Most programming languages have a registry where anybody can upload packages — or pieces of code — for others to use. “They’re like App Stores for code, except anything is free and you can propose changes any time you’d like,” Josh says.

Some well-known registries are:

Josh shares that you can also find open source projects on GitHub (including their newer registry GitHub Packages), GitLab, and even Twitter. “Many developers are active on Twitter. There are a lot of good discussions and new projects that get noticed because of tweeting.”

How do developers at Codecademy use open source?

“Although we have a development team with dozens of engineers actively writing code, the vast majority of software we use is open source,” Josh says.

Let’s take codecademy.com as an example.

When you submit code for a course, a secure container — or virtual computer — is assigned to handle that code on the back end. We set up these on-demand containers with the help of Docker and Kubernetes, which are open source platforms.

On the back end, our systems talk to each other using Application Programming Interfaces (APIs). We set up many of our APIs using open source frameworks, like Grape or Rails, and we document how the APIs work together with an open source tool called Swagger.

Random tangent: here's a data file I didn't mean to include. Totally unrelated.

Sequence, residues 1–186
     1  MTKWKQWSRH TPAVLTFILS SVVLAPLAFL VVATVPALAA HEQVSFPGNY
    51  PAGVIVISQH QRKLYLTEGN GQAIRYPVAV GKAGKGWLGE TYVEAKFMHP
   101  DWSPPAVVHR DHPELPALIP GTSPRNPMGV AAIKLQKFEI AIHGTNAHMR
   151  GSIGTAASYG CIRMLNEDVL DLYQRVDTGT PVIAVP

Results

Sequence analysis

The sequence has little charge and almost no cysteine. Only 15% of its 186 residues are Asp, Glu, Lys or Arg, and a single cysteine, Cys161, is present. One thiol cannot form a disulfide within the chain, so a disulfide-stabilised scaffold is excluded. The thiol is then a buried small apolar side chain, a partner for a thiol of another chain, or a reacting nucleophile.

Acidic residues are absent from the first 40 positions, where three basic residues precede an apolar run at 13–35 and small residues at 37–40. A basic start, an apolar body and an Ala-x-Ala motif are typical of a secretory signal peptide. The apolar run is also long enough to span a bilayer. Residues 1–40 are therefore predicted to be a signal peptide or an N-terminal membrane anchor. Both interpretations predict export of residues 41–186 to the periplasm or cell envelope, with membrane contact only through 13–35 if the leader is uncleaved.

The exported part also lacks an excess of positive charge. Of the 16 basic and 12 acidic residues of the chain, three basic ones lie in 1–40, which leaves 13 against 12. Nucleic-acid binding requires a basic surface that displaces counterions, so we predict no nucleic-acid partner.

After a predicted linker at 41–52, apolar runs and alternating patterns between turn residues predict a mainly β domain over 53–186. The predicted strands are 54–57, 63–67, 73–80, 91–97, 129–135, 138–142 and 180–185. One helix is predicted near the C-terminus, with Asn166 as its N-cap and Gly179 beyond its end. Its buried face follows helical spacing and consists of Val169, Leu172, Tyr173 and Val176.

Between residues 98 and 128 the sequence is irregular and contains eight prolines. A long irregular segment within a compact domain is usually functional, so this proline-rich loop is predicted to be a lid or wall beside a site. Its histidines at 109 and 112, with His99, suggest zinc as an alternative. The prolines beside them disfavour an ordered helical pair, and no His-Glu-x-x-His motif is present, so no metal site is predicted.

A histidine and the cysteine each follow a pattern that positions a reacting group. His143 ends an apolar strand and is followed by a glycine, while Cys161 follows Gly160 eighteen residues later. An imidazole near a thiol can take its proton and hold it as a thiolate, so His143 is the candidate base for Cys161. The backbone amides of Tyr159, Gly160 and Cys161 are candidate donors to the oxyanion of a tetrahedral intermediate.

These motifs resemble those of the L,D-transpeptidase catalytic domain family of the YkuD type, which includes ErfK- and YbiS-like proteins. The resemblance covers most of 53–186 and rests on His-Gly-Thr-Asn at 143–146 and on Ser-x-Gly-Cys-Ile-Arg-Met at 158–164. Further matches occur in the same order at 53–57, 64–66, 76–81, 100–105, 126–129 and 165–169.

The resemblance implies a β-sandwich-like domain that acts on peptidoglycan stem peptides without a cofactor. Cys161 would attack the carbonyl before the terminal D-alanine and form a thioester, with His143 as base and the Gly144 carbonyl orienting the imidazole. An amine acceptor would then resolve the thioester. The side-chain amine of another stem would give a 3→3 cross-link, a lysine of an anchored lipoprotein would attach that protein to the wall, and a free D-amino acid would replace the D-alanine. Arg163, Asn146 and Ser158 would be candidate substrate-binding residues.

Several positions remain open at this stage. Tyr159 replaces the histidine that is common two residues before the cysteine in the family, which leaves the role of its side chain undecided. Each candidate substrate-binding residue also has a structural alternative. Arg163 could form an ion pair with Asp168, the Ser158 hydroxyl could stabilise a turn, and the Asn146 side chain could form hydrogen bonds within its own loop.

On the front end, we use an open source language called TypeScript to write the code that runs on your web browser. ESLint helps us automatically detect errors in our code. And open source tools like Babel and Webpack help us bundle — or package — our code so that it works on most browsers, even ones that support only older versions of JavaScript and CSS.

If you happen to land on our 404 page, you’ll find a message that says Codey is lost. You’ll be able to play a game — built on top of the open source game engine Phaser — to help Codey find his way back.

Where can I find open source software created by Codecademy?

See what we’re working on over in Docs and our Codecademy Github repositories. There you’ll find:

Learn more about Codecademy’s open source sponsorships

As part of a commitment to support open source projects, we recently started funding four of the open source projects we use here at Codecademy: Babel, Doorkeeper, Homebrew, and Stylelint.

”We’re hopeful that beyond the act of giving back, the funding we provide can help maintainers continue to push these projects forward — and, by extension, the tech communities around them,” Josh says.To learn more, check out our Codecademy Open Source Sponsorships post on Medium.